by Serena Sickler
Singing has always played an important part in Christian worship. Jesus himself sang a hymn with the disciples at the Last Supper (Matthew 26:30). After Jesus' death and resurrection, the early Christian church continued singing psalms of praise when they gathered together to worship.
Fifteen-hundred years later Protestant reformers reestablished the importance of congregational singing which had been stifled by church leaders. Each new generation has developed what they thought was their own unique perspective on the best way to sing praise to God, but—with a few rare exceptions—they have all agreed: singing is a necessary part of worship.
Jesus himself sang hymns with the disciples at the Last Supper.
Their belief was not based simply on tradition but on biblical truth. The Old Testament especially instructs us to sing praise to God. According to Christian author and worship leader, Bob Kauflin (2008), "the Bible contains over four hundred references to singing and fifty direct commands to sing."
It would seem that something addressed so often and emphasized so strongly is important to God. But why is singing—particularly in worship—so essential? Though there are undoubtedly more, here are four biblical reasons that Christians sing in worship.
Expressing Truth About God
A proper definition of worship will help us to see how worship and truth correlate. Vine's Expository Dictionary (1996) says it well: "The worship of God…is not confined to praise, broadly it may be regarded as the direct acknowledgment to God, of His nature, attributes, ways, and claims, whether by the outgoing of the heart in praise and thanksgiving or by deeds done in such acknowledgment." John 4:24 reminds us, "God is a Spirit: and they that worship him must worship him in spirit and in truth.”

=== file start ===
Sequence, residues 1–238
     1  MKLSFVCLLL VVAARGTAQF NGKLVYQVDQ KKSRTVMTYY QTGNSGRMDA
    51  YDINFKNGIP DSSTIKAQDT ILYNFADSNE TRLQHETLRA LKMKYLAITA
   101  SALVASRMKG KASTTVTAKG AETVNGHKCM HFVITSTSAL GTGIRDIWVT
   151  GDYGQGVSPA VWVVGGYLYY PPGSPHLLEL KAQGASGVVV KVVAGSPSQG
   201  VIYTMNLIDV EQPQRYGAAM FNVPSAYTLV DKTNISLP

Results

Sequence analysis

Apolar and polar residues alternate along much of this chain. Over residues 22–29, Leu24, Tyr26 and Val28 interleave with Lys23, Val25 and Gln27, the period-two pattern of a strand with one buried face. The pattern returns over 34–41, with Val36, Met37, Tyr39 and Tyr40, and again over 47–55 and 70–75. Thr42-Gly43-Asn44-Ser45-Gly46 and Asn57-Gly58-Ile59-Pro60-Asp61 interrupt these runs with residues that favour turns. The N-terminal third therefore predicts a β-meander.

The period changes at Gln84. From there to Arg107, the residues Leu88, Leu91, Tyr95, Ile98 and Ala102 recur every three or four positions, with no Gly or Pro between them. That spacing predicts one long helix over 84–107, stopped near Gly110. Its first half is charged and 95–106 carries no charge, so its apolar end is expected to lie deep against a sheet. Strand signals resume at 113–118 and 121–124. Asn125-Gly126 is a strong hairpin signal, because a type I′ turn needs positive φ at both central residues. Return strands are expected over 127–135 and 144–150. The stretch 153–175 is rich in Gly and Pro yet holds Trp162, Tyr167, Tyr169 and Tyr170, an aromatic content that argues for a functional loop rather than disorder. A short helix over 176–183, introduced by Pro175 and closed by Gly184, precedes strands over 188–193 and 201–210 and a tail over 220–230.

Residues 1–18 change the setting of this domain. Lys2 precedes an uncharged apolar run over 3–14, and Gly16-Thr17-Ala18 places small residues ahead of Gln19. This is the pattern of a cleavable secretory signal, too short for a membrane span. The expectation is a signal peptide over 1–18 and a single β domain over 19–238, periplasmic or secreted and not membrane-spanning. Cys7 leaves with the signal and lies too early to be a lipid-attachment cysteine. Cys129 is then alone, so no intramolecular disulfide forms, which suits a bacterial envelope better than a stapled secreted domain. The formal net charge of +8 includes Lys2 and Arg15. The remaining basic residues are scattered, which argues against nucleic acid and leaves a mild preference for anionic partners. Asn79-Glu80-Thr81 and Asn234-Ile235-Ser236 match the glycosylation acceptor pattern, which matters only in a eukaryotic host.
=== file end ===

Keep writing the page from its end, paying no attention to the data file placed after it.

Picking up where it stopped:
A major aspect of worship is simply recognizing truth about God. The psalms are full of these truths.
In Psalm 18:2, God is praised as a Savior and Deliverer: "The Lord is my rock, and my fortress, and my deliverer; my God, my strength, in whom I will trust; my buckler, and the horn of my salvation, and my high tower.”
It is not enough to know things about God. We must declare them to others!
Later on in the same psalm, we recognize His integrity and trustworthiness: "As for God, his way is perfect: the word of the Lord is tried: he is a buckler to all those that trust in him" (Psalm 18:30).
We recognize his power as creator and ruler of all things: "By the word of the Lord were the heavens made; and all the host of them by the breath of his mouth” (Psalm 33:6).
The psalmist tells us all these wonderful truths about God and urges us, "Sing praises to the Lord, which dwelleth in Zion: declare among the people his doings" (Psalm 9:11). It is not enough to know all these things about God, but we must declare them to others!
Fulfilling God's Original Purpose for Singing
Before man was ever created God made angelic beings to praise Him night and day. Man was also created to love and glorify God in every area of his life, including musical expression.
One clear example of singing that pleased God took place at Solomon's dedication of the temple: "It came even to pass, as the trumpeters and singers were as one, to make one sound to be heard in praising and thanking the Lord. . .that then the house was filled with a cloud, even the house of the Lord; So that the priests could not stand to minister by reason of the cloud: for the glory of the Lord had filled the house of God" (2 Chronicles 5:14).